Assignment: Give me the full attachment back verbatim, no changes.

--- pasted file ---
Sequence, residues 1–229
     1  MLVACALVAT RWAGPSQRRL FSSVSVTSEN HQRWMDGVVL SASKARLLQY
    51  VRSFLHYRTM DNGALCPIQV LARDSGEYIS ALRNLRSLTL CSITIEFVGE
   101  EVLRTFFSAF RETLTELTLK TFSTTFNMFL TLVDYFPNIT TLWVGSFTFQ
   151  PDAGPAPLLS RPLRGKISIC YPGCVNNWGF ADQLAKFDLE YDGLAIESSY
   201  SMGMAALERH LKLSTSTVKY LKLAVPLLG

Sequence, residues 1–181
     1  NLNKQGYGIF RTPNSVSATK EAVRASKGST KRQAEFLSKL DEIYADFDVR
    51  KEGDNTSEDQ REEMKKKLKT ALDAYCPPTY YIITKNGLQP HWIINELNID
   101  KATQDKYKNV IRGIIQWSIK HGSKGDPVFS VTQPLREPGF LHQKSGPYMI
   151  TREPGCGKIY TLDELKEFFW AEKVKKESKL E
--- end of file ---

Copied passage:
Sequence, residues 1–229
     1  MLVACALVAT RWAGPSQRRL FSSVSVTSEN HQRWMDGVVL SASKARLLQY
    51  VRSFLHYRTM DNGALCPIQV LARDSGEYIS ALRNLRSLTL CSITIEFVGE
   101  EVLRTFFSAF RETLTELTLK TFSTTFNMFL TLVDYFPNIT TLWVGSFTFQ
   151  PDAGPAPLLS RPLRGKISIC YPGCVNNWGF ADQLAKFDLE YDGLAIESSY
   201  SMGMAALERH LKLSTSTVKY LKLAVPLLG

Sequence, residues 1–181
     1  NLNKQGYGIF RTPNSVSATK EAVRASKGST KRQAEFLSKL DEIYADFDVR
    51  KEGDNTSEDQ REEMKKKLKT ALDAYCPPTY YIITKNGLQP HWIINELNID
   101  KATQDKYKNV IRGIIQWSIK HGSKGDPVFS VTQPLREPGF LHQKSGPYMI
   151  TREPGCGKIY TLDELKEFFW AEKVKKESKL E